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Tajomaru's Testimony In Rashomon

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Tajomaru's Testimony In Rashomon
Akira Kurosawa’s Rashomon relays a perplexing realization about the human condition, that the concept of truth is fallible, or may not exist at all. For, in each account of the Samurai’s death, the manner, location, culprit, and motivation is different. The film begins by providing the audience with the most basic evidence of the murder: That the samurai was found dead in a grove, that a cut rope lay next to him, and that no conceivable murder weapon -- knife or sword -- was found at the crime.

Tajomaru’s testimony, that he killed the samurai in a duel after “seducing” his wife, initially seems most plausible. Examining Tajomaru’s testimony from the perspective of John Locke reveals few discrepancies between the case’s evidence, other testimonies,
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As the wife approaches her husband, she is met with a gaze full of loathing, eventually enticing her to turn her knife towards him. She faints and awakens to find the knife in her husband’s chest, deducing that she must have killed her husband. Locke would immediately be skeptical of the validity of her testimony due to her wildly emotional mannerisms, at times sobbing uncontrollably. He may assume that her turbulent emotional state has clouded her perception and memory of the crime. Although unknown to Locke, Kurosawa hints that her recollection of the events is flawed when she recounts “How horrified my husband must have been, the more he struggled, the tighter the ropes dug in.” When we witness her flashback, however, the samurai remains calm, unwavering, and stoic throughout. When comparing Tajomaru’s testimony to this one, Locke would favor the former. By applying Ockham’s razor to both testimonies, we realize that Tajomaru’s testimony contains one unresolved variable -- who took the dagger from the crime scene? The wife’s testimony, on the other hand, has two unresolved variables, as she leaves the knife in her husband’s chest and makes no mention of cutting the ropes ensnaring her husband. In order for her testimony to make sense, an entity must be added to both take the knife from the husband’s chest and slice his ropes. At this point, Locke would discredit the …show more content…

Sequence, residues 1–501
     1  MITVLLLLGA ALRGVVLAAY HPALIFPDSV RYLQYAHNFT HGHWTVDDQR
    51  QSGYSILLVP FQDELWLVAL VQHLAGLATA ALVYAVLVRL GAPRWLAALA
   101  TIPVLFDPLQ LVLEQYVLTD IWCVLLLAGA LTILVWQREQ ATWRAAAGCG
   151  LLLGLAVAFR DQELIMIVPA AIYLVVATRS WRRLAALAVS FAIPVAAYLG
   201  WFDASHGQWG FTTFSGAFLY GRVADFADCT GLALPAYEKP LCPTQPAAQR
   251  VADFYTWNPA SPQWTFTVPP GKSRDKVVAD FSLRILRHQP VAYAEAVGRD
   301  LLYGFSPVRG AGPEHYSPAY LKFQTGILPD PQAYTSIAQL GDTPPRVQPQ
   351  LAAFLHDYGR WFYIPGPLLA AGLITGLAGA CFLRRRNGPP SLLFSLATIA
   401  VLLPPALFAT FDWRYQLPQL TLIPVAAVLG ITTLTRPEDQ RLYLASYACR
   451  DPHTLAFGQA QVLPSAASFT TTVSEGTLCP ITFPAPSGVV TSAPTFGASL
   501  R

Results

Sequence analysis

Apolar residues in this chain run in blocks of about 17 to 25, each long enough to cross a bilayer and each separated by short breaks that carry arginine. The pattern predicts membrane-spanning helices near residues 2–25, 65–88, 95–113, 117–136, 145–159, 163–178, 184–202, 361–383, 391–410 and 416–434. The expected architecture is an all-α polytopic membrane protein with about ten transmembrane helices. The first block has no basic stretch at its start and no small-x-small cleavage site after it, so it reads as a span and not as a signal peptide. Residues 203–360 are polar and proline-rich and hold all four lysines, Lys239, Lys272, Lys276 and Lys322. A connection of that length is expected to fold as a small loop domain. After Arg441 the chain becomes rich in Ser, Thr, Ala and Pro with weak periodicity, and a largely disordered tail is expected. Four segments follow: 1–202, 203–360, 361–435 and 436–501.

Berkeley would first disagree with Locke’s analysis of Tajomaru’s experience with the samurai’s wife, as he does not believe in the existence of primary and secondary qualities. Berkeley instead proposed “immaterialism”, a theory denying the existence of material substances. The theory asserts that objects are merely ideas in the minds of perceivers and, as a result, cannot exist without being perceived. Berkeley’s statement “esse est percipi” summarizes his theory, translated as “To be is to be perceived.” Therefore, however Tajomaru perceives his experience with the samurai’s wife is how it occurred. Furthermore, It is also possible to apply the esse est percipi concept to Tajomaru himself. However his mannerisms, characteristics, actions, and history are being perceived by the court is how he exists. If he exudes insanity and has a criminal record, his testimony is more credible.
Next, Berkeley would immediately discredit the wife’s testimony, as she faints and induces that she has killed her husband. Since no one perceived the murder of the samurai, no a posteriori evidence of his death exists in her testimony. Berkeley would declare that we should not rely on inductive reasoning when we have plausible explanations of the same event relying on evidence obtained by the

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